Archive for the ‘Uncategorized’ Category

Tel T461 3D Games and Interactive Graphics

(using Unity)

MW – 3:15 — 5:15

 

Thinking about a career in the game industry?  …educational software? …interactive graphics?  …immersive media?  Would you like to see your work deployed as standalone Mac or PC software, on the web, or on the iPhone or Android devises?

 

Unity is one of the most powerful game engines available anywhere.  Using it you can construct immersive 3D worlds like a deserted island complete with trees and grass and abandoned buildings or a lost planet in deep space or the surface of a billiard table on which the balls repel each other.  Once you’ve built your world, you can populate it with 3D graphics you make in Maya or Cinema 4D, or find on the web.  And, having built your world and filled it with objects, you can use scripts to create the rules that guide players through it.

 

The first half of class will be used to construct a simple first person adventure game called “Survival Island.”  It introduces a broad set of fundamental skills and techniques on which you can base your own work.  The second half of class is largely devoted to constructing individual projects.  Although programming experience or a background in graphics can help you build better games, all required code and techniques will be demonstrated in class.

 

We will be using the educational version of Unity Pro, but a complete and powerful “standard” edition is available free, so you can continue using the tool long after the class has ended.

 

Prerequisites: TEL-T 361 with a grade of C- or higher, or consent of instructor.  It is not necessary to write a proposal to get into this class (such a requirement was listed in the original course description).

 

Contact me for permission to take the class.

 

Curious about Unity?  See: http://unity3d.com

 

Michael Chabin

Summer 2013 T283

Posted: April 3, 2013 by IUsec in Uncategorized

Mon, Tue, Wed, Thu & Fri

3:00 – 5:10 pm

Jun 3 – Jun 28, 2013

Course Description

Intro to Interactive Media Design is a practical, introductory

course to the world of interactive and digital media design.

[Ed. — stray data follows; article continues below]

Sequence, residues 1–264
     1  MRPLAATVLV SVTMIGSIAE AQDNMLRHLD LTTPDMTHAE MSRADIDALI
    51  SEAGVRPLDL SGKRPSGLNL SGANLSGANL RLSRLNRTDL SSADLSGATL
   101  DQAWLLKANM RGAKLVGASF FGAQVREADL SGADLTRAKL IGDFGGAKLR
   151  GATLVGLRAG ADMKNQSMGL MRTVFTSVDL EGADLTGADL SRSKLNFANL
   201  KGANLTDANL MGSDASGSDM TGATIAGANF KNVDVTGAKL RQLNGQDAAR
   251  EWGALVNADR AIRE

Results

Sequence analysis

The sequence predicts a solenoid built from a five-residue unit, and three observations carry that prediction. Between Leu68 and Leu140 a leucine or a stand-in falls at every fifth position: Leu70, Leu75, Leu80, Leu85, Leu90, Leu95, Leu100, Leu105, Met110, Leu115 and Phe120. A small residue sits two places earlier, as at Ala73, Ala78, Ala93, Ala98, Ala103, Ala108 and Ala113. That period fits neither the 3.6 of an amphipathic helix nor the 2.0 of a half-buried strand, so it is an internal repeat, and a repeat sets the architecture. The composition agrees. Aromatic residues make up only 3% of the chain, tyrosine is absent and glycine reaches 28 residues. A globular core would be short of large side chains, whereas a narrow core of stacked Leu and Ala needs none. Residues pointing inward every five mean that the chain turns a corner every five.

The focus will be on creating interactive experiences that

are both functional and engaging. This will be approached

from various points-of-view, including design, usability,

technique, and entertainment. We will discuss not only the

specifics of how to make something work, but strategies

concerning how to make it work well, while making it fun and

easy to understand for your audience.

This is a class for beginners and assumes no previous experience

or expertise. Students with some background in

digital design are encouraged to enroll, as many projects are

flexible. Advanced students are encouraged to explore tools

and techniques that may be beyond the scope of the course

but are right for them.

 

Course Objectives

Introduce students to concepts of communication

through digital multimedia.

Explore the basics of HTML 5, Cascading Style Sheets

(CSS 3), JavaScript, digital imaging, web-based typography,

digital audio, and Flash animation.

Analyze and test the usability of digital media.

Provide a forum for discussion where students can learn

from each other through critique.

Instructor

Norbert Herber (nherber@indiana.edu)

http://www.indiana.edu/~audioweb/T284

Study with Susan Kelly in London this spring.
Application Deadline is 4 February.

May 2013 – London, England
T452 Script to Screen
London Dates
• Dates: May 8 to May 29, 2013
Program Organization
• This is an IU-Administered Program
• Summer Program
• Classes are conducted at the IES Center in Bloomsbury District near the British Museum
• Course is based at the Institute for the International Education of Students (IES)
• Class is taught by IU Department of Telecommunications faculty member Susan Kelly
• 15-20 IU students
Academic Program
• Script to Screen: Story Development for Film and Television in Great Britain
• 3 IUB credit hours in TEL-T 452
• Learn story structure, character development, script formatting and the role of culturally sensitive stories in the unique film and television production model of the UK. Read scripts, develop and pitch your own stories, talk to industry professionals, and visit locations and studios where your favorite films have been made.
• Daily lectures, screenings, and story development workshops.
• Field trips to film locations in historical locations include Bath, Oxford, Greenwich, Warner Bro. Studies and Pinewood Studios.
• Day long excursions to see the locations for the film series Harry Potter, James Bond, and Sherlock Holmes, as well as The King’s Speech and Pride and Prejudice. We will also visit the locations for the BBC television series Sherlock and Downton Abbey.
• Weekend trip to France to visit the Normandy Beaches and the WWII American Memorial Cemetery overlooking Omaha Beach and the English Channel.